If you never cranked the hit “Who’s Behind the Door” loud enough to shake the windows, then you were doing the 80’s wrong. Zebra had one of the fastest selling debuts ever at Atlantic records, and several songs received widespread radio and video success, including “Tell Me What You Want”, and “Bears”. The band has remained active, getting together every so often to perform. Lead singer, guitarist, and songwriter Randy Jackson has stayed especially busy over the years. He has constantly had a hand in songwriting and collaborations, solo tours, and even helping design a guitar like multi-synthesizer called “The Key”.
Despite his hectic schedule, Randy was nice enough to take some time to discuss with me my random assortment of queries in this installment of “10 Questions with…”.
This interview took place over the phone, where Randy was calling from the airport. This is a faithful attempt to represent his exact words, and not the various passers by in the background!
Hi Randy, thanks so much for taking some time out of your schedule.
I’ve read Zebra initially did Yes, Pink Floyd, and Led Zeppelin covers, but your 2014 album “Empathy for the Walrus” shows you to be a big Beatles fan also. Were you a bigger fan of their progressive later material, or the earlier pop stuff?
Randy: Well, I loved all of it. The early stuff was just so strong. I mean it hooked everyone into it. Later on they just kept evolving, it kept me interested. You know funny enough, at the time, I was a kid and The White Album came out and it was to me the least interesting of all their records. Now it’s one of my favorites.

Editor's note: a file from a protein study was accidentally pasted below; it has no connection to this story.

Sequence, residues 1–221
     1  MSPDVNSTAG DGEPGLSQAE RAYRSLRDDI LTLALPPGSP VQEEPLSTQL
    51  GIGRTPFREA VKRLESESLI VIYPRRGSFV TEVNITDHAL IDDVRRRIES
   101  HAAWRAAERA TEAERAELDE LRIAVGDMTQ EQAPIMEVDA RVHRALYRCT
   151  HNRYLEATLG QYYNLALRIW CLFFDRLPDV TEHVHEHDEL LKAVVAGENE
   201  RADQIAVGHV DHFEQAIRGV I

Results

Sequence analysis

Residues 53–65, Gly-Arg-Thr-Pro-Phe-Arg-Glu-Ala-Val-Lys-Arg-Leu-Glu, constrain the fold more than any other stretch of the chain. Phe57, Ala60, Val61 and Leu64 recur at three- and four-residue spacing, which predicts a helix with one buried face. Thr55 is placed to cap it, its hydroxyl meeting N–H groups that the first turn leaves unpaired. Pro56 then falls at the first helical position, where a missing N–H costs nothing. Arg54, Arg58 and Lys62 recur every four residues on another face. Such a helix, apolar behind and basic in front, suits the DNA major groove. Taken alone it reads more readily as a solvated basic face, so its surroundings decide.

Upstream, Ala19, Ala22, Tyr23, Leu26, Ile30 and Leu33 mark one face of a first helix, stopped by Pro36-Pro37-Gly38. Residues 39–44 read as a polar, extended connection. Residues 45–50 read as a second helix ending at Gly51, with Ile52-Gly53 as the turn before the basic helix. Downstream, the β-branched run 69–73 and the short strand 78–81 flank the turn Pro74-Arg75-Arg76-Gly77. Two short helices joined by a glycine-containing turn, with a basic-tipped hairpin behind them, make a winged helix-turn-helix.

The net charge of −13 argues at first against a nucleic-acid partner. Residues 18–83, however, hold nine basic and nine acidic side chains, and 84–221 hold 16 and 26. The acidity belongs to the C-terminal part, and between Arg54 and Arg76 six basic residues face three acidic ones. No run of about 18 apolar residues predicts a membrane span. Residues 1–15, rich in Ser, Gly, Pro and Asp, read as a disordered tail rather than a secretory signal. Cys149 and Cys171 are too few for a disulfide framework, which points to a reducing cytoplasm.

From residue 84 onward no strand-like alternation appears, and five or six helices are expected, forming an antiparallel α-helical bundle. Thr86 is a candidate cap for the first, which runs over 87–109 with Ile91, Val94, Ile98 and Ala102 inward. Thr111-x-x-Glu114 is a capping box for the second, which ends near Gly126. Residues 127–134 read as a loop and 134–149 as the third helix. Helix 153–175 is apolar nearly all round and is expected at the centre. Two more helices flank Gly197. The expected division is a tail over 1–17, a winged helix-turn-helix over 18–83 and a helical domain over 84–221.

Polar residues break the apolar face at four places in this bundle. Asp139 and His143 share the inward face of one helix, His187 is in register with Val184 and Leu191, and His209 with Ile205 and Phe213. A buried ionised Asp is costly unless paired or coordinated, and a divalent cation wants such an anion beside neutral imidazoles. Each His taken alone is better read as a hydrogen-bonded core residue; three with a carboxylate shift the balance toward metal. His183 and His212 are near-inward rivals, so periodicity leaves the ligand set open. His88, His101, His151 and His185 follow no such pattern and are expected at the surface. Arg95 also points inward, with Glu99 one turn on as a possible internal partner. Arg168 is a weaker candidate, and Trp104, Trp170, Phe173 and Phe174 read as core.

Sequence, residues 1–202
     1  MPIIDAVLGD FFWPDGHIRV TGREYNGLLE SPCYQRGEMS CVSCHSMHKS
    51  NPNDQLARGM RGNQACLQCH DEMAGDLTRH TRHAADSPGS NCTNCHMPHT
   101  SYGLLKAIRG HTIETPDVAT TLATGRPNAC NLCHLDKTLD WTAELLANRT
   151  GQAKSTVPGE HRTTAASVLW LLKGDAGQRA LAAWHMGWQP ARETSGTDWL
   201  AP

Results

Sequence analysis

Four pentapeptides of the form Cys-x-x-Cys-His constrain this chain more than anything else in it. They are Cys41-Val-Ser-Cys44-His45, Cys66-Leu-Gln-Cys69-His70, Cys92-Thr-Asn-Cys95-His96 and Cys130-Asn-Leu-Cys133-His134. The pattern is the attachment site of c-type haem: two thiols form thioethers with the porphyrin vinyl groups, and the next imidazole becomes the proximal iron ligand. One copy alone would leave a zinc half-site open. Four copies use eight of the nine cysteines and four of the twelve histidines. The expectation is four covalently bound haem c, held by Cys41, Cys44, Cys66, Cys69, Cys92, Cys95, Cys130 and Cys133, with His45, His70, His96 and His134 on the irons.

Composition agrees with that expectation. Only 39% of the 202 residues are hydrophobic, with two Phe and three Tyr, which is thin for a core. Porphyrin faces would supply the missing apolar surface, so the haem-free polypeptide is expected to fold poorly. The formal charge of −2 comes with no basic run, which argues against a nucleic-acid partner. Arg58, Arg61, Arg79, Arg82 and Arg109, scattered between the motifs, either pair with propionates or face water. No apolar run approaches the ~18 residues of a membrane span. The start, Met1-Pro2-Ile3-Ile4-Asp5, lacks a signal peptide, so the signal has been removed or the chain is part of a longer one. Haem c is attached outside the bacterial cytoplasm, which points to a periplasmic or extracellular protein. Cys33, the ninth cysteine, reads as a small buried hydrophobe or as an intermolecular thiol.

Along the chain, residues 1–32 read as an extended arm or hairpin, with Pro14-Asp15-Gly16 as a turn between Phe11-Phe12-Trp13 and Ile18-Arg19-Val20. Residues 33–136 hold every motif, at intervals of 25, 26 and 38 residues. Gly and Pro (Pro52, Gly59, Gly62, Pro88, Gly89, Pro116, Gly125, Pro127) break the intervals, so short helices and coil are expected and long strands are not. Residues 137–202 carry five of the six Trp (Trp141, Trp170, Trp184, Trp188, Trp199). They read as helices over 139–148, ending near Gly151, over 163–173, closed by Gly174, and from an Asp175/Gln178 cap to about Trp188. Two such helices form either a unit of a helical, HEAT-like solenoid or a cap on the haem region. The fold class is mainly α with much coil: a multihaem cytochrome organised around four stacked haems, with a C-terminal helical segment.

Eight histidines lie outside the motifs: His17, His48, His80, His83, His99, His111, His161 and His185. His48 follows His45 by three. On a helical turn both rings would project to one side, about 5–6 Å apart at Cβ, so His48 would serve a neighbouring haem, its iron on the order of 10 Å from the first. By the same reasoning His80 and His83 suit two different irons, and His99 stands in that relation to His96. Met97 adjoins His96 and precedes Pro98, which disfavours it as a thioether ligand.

Randy: Yeah, when it came out.
Do you still own any of the Lonestar Technologies “Keys”?
Randy: Yes, I do still have some.
Do you ever experiment with them at all?
Randy: I haven’t in awhile. I used to take them out occasionally and show people, but I haven’t done anything with them recently.
The song “Your Mind’s Open” I have always thought of as having a “vocal guitar solo”. Is that how you thought of that section, or was it just a vocal breakdown of the melody?
Randy: I was kind of singing along to the horns. If you listen there’s a horn track. You know when I was doing the vocal it just sounded cool, singing along with it so we put it in there.
I always thought that was great, you follow that section, and break off from the melody a little bit. It’s such an obvious place where you expect a guitar solo to come in, but you did something different.
Why was the song “Bears” not included on the Zebra debut? Was it just a matter of space or formatting?
Randy: Yeah, it was written before we were signed. I just think (producer) Jack Douglas might have had more to do with that than anything else. I can’t remember an exact “why” it ended up on the second record instead of the first.
What was the extent of Mark Slaughter’s involvement on the “China Rain” album?
Randy: Well, Mark and I co-wrote a couple songs, and one of them ended up on the record. Dana Strum and Mark produced the songs. Well they produced the one Mark and I wrote together. You know, flew out, did a couple days. We did it at their label, Chrysalis Records. It was great working with them, really cool.
Frontiers Records has had a lot of success lately with side project bands made up of musicians of several bands teaming up for a few albums. You were an early example of this with “The Sign”. Did you guys ever tour behind those albums? How did you find working with Billy Greer and Terry Brock?
Randy: Yeah, there were two Signs records. I wasn’t involved as much with the second one. I had…I think I co-wrote one of the songs. It was really Mark Mangold’s project. I was really involved in the first one.